I am working with data from a computer task which has 288 total trials, each of which can be categorically classified according to Trial Type, Number of Stimuli, and Probe Location. Because I want to also examine a continuous variable, the total Cartesian Distance between stimuli per trial (divided by number of stimuli to control for varying numbers), I have opted to use a mixed linear model with repeated measures. In addition to each of these task variables, I am also interested in whether folks in various diagnostic groups perform differently on the task, as well as whether or not there is a Dx interaction with any of the above variables. Thus (if I'm not mistaken), I have the following effects in my model:
Trial Type, a fixed effect Number of Stimuli, a fixed effect Probe Location, a fixed effect Dist(ance), a fixed effect Dx, a fixed effect Dx*Trial Type, a fixed effect Dx*Number of Stimuli, a fixed effect Dx*Probe Location, a fixed effect Dx*Dist, a fixed effect Trial, a random effect, nested within SubID, a random effect
Based on my examination of documentation, it seems that the nesting of random effects does not seem to be important to lme4, and so I specify my model as follows:
tab.lmer <- lmer(Correct ~ Dx+No_of_Stim+Trial_Type+Probe_Loc+Dist+Dx*No_of_Stim+Dx*Trial_Type+Dx*Probe_Loc+Dx*Dist+(1|Trial)+(1|SubID),data=bigdf)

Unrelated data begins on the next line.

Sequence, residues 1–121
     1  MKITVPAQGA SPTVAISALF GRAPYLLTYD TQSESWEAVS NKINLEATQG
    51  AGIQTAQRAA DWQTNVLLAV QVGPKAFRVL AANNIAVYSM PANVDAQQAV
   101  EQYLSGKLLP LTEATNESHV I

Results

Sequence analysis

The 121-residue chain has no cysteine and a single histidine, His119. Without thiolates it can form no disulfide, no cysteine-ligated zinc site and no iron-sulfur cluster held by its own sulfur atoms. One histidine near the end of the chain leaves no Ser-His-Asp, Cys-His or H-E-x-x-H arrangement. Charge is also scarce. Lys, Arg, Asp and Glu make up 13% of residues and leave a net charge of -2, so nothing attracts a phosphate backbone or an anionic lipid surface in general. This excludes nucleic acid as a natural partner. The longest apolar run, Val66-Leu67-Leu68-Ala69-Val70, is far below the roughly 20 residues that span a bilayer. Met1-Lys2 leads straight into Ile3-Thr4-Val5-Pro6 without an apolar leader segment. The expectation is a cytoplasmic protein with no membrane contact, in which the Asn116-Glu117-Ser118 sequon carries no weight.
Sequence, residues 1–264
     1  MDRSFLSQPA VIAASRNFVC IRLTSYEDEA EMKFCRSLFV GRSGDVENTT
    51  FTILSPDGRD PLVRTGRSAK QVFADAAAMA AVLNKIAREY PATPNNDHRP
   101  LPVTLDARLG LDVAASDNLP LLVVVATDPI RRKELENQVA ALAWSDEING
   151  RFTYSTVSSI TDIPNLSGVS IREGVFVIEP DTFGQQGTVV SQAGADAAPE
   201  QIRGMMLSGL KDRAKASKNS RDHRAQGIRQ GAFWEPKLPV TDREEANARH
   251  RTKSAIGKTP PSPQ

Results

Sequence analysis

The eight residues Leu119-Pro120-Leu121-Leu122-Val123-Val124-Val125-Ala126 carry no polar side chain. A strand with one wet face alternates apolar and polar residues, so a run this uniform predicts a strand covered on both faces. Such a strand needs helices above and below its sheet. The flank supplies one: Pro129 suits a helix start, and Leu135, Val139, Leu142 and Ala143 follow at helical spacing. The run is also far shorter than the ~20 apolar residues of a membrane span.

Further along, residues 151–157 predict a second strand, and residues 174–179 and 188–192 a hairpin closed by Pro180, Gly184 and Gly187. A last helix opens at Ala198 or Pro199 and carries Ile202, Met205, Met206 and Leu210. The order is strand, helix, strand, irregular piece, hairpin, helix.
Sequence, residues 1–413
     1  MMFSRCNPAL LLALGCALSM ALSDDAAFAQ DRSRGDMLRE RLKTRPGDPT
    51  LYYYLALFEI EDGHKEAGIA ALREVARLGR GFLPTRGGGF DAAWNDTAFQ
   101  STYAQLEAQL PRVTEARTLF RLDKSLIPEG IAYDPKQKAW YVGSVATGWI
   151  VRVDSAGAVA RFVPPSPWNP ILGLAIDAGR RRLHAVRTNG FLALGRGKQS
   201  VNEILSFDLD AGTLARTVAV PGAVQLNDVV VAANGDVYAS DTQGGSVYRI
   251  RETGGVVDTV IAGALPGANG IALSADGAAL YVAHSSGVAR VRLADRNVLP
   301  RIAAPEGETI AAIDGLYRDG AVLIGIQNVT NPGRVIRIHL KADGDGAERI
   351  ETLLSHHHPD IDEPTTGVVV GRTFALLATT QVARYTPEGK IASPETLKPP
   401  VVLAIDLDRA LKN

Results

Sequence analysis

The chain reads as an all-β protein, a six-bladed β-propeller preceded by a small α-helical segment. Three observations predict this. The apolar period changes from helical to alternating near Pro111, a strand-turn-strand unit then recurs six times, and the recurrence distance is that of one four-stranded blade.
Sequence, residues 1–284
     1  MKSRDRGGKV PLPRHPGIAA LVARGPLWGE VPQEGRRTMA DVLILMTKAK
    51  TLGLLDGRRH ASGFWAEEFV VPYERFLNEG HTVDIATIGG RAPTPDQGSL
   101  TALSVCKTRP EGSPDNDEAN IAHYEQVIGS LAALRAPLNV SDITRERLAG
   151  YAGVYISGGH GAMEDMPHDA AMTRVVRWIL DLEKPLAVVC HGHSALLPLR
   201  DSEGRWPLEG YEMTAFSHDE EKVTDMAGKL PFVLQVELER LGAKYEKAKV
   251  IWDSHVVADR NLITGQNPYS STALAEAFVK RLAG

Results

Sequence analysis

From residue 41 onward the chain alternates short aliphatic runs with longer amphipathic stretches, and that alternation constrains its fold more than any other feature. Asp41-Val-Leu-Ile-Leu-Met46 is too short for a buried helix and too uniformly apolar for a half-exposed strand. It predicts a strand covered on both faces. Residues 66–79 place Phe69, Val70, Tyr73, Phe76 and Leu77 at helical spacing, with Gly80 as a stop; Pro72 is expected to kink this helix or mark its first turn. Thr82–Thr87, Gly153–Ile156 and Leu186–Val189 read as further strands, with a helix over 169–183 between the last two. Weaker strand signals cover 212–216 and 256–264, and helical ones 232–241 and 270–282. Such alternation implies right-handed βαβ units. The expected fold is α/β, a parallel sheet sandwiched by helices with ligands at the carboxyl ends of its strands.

This would be my first question: 1) Is the above model specification correct?
Assuming so, I am a bit troubled by my results, but as I read and recall my instruction on such models, I am wondering if interpretation of particular coefficients is bad practice in this case:
Linear mixed model fit by REML ['merModLmerTest'] Formula: Correct ~ Dx + No_of_Stim + Trial_Type + Probe_Loc + Dist + Dx * No_of_Stim + Dx * Trial_Type + Dx * Probe_Loc + Dx * Dist + (1 | Trial) + (1 | SubID) Data: bigdf REML criterion at convergence: 13600.4 Scaled residuals: Min 1Q Median 3Q Max -2.89810 -0.03306 0.27004 0.55363 2.81656 Random effects: Groups Name Variance Std.Dev. Trial (Intercept) 0.013256 0.11513 SubID (Intercept) 0.006299 0.07937 Residual 0.131522 0.36266 Number of obs: 15840, groups: Trial, 288; SubID, 55 Fixed effects: Estimate Std. Error df t value Pr(>|t|) (Intercept) 4.196e-01 4.229e-02 4.570e+02 9.922 < 2e-16 *** DxPROBAND 8.662e-02 4.330e-02 2.920e+02 2.000 0.04640 * DxRELATIVE 9.917e-02 4.009e-02 2.920e+02 2.474 0.01394 * No_of_Stim3 -9.281e-02 1.999e-02 4.520e+02 -4.642 4.53e-06 *** Trial_Type1 3.656e-02 2.020e-02 4.520e+02 1.810 0.07097 . Probe_Loc1 3.502e-01 2.266e-02 4.520e+02 15.456 < 2e-16 *** Probe_Loc2 3.535e-01 3.110e-02 4.520e+02 11.369 < 2e-16 *** Dist 1.817e-01 2.794e-02 4.520e+02 6.505 2.06e-10 *** DxPROBAND:No_of_Stim3 -1.744e-02 1.759e-02 1.548e+04 -0.992 0.32144 DxRELATIVE:No_of_Stim3 -2.886e-02 1.628e-02 1.548e+04 -1.773 0.07628 . DxPROBAND:Trial_Type1 -9.250e-03 1.777e-02 1.548e+04 -0.521 0.60267 DxRELATIVE:Trial_Type1 1.336e-02 1.645e-02 1.548e+04 0.812 0.41682 DxPROBAND:Probe_Loc1 -8.696e-02 1.993e-02 1.548e+04 -4.363 1.29e-05 *** DxRELATIVE:Probe_Loc1 -4.287e-02 1.845e-02 1.548e+04 -2.323 0.02018 * DxPROBAND:Probe_Loc2 -1.389e-01 2.735e-02 1.548e+04 -5.079 3.83e-07 *** DxRELATIVE:Probe_Loc2 -8.036e-02 2.532e-02 1.548e+04 -3.173 0.00151 ** DxPROBAND:Dist -3.920e-02 2.457e-02 1.548e+04 -1.595 0.11066 DxRELATIVE:Dist -1.485e-02 2.275e-02 1.548e+04 -0.653 0.51390 --- Signif. codes: 0 ‘***’ 0.001 ‘**’ 0.01 ‘*’ 0.05 ‘.’ 0.1 ‘ ’ 1